Tuesday, 25 July 2017

Looking for pictures of Didbury’s oldest cinema

The cinema on Elm Grove was Didsbury’s oldest picture house and it saw out all its rivals.

The Tudor in 1959
In its time it had many names from the Didsbury Picture House, and the Didsbury Theatre through to the Tudor which it adopted in 1951 and retained till its closure in 1967.

And there will be many in Didsbury who will remember it as the Tudor and may even recall that they were there on the last night on August 12 when it showed Julie Christie in Fahrenheit 451.

By then it had outlived the bigger and more showy Capitol on School Lane which had opened in 1931 with a blaze of publicity as the Union and was partially destroyed by a fire the following year, reopening in 1933.*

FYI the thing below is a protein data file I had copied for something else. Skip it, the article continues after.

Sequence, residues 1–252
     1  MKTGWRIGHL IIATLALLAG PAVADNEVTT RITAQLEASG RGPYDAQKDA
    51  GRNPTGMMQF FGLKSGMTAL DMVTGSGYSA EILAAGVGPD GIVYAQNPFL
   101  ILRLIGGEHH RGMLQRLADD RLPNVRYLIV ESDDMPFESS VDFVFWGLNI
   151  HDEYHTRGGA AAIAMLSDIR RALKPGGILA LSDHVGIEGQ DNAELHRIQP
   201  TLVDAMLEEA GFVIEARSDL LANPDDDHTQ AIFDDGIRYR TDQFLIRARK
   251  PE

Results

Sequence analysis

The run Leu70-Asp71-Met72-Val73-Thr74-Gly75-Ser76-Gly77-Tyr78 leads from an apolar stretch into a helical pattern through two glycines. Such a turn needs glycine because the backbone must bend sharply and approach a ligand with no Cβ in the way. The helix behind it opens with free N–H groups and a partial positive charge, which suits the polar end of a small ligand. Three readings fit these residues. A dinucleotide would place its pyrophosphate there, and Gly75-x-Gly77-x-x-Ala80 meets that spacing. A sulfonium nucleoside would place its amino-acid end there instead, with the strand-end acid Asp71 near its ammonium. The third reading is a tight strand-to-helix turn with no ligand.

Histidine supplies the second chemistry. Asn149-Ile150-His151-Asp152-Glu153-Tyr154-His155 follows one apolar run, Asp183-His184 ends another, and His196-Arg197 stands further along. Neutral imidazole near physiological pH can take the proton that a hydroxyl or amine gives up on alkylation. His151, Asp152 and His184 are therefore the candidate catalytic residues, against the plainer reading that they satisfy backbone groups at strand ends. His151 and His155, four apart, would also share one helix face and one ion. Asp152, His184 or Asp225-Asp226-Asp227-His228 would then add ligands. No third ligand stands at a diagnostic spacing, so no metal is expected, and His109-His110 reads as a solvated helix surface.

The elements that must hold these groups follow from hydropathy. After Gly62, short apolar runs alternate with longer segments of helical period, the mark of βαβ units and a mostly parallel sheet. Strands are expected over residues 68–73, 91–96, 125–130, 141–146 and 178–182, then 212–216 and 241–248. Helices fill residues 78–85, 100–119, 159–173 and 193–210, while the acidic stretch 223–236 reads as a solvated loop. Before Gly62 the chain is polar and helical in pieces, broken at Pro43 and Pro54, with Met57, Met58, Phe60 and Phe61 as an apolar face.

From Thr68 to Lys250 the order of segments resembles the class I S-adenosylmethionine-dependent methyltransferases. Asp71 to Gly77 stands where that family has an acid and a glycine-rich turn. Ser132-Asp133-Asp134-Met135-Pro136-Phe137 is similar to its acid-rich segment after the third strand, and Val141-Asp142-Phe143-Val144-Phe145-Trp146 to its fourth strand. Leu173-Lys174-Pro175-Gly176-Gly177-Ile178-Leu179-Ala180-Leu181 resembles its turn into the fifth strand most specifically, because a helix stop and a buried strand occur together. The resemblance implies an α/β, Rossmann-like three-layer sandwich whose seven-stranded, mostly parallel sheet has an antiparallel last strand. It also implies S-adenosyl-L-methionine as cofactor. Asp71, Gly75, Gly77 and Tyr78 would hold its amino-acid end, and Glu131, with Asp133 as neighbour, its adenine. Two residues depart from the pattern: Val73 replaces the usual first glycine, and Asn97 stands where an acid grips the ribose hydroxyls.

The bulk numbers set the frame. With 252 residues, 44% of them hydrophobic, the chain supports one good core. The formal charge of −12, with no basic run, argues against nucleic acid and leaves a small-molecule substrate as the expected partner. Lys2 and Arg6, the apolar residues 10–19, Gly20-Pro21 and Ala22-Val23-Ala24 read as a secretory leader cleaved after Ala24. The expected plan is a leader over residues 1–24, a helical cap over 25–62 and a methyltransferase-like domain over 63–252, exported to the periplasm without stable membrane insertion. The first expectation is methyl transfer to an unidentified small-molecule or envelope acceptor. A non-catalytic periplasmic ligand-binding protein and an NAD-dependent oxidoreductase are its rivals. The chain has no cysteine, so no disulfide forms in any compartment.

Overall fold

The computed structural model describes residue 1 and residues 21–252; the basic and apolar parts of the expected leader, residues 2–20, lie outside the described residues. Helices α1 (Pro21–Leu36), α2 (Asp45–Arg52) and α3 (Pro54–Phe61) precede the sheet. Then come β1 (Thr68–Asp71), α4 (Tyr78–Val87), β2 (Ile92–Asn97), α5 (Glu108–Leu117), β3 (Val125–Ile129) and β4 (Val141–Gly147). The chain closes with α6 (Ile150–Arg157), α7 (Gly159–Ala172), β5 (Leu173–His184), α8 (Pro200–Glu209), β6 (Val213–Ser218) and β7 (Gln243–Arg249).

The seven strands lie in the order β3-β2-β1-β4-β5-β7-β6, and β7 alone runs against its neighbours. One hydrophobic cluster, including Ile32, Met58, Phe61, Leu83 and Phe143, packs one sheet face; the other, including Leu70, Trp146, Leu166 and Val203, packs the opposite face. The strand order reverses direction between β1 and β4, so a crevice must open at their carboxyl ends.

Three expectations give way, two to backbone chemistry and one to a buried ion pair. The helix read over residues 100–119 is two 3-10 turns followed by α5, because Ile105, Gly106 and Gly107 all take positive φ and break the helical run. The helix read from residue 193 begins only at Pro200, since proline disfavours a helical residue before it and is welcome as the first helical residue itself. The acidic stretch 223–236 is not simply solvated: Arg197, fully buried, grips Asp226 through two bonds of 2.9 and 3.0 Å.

Advert 1914
The Tudor was always the smaller neighbour.

It was open for business by 1913 when it was called the Bijou Electric Theatre, seating 350 and run by H Merryweather.**

Looking at the picture from 1959 it may be that the cinema went through either an extension or rebuild.

And that just leaves me to make an appeal for pictures if the Tudor cinema or better still when it was the Bijou.

Location Didsbury

Picture; Elm Grove, 1959, J F Harris, m2333, courtesy of Manchester Libraries, Information and Archives, Manchester City Council, http://images.manchester.gov.uk/index.php?session=pass and advert, from The Kinematograph Year Book, 1914

*The Golden Years of Manchester Picture Houses Derek J Southall, 2010

** The Kinematograph Year Book Program Diary and Directory 1914


  1. I remember seeing the advertised film Tom Thumb there with my mother!